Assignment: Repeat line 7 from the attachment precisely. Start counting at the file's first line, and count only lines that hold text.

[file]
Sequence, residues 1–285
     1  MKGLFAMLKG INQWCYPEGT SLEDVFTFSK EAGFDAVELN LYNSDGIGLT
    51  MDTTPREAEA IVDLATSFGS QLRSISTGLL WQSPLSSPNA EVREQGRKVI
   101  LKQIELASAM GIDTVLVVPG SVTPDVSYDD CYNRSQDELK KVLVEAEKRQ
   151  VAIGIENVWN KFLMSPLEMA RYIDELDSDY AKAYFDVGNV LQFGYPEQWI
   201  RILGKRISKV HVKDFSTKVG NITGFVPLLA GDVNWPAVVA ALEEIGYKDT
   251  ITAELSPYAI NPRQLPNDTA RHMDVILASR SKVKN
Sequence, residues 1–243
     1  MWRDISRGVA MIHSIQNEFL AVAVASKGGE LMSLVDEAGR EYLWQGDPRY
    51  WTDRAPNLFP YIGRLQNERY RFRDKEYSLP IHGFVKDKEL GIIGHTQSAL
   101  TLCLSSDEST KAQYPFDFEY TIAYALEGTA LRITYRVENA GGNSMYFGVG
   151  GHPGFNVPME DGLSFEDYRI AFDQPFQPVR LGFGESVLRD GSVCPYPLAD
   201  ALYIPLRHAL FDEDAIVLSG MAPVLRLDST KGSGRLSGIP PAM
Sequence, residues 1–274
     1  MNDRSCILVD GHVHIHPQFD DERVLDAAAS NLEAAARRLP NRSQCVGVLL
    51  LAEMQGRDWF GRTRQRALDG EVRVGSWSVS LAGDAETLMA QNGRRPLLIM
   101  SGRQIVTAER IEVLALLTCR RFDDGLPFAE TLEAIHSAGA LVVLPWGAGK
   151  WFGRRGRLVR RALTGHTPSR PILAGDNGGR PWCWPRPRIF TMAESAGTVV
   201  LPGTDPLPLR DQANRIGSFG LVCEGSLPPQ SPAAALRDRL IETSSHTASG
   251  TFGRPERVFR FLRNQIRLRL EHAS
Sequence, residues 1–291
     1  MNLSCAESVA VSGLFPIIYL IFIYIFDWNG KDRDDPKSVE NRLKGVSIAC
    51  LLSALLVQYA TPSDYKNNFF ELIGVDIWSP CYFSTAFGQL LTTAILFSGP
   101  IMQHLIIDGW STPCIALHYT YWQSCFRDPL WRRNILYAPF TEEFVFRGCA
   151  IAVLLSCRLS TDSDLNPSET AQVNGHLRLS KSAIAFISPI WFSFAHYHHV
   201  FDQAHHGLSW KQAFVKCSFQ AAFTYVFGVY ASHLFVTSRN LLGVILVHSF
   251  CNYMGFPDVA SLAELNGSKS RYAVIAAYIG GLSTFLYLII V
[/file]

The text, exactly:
   251  ITAELSPYAI NPRQLPNDTA RHMDVILASR SKVKN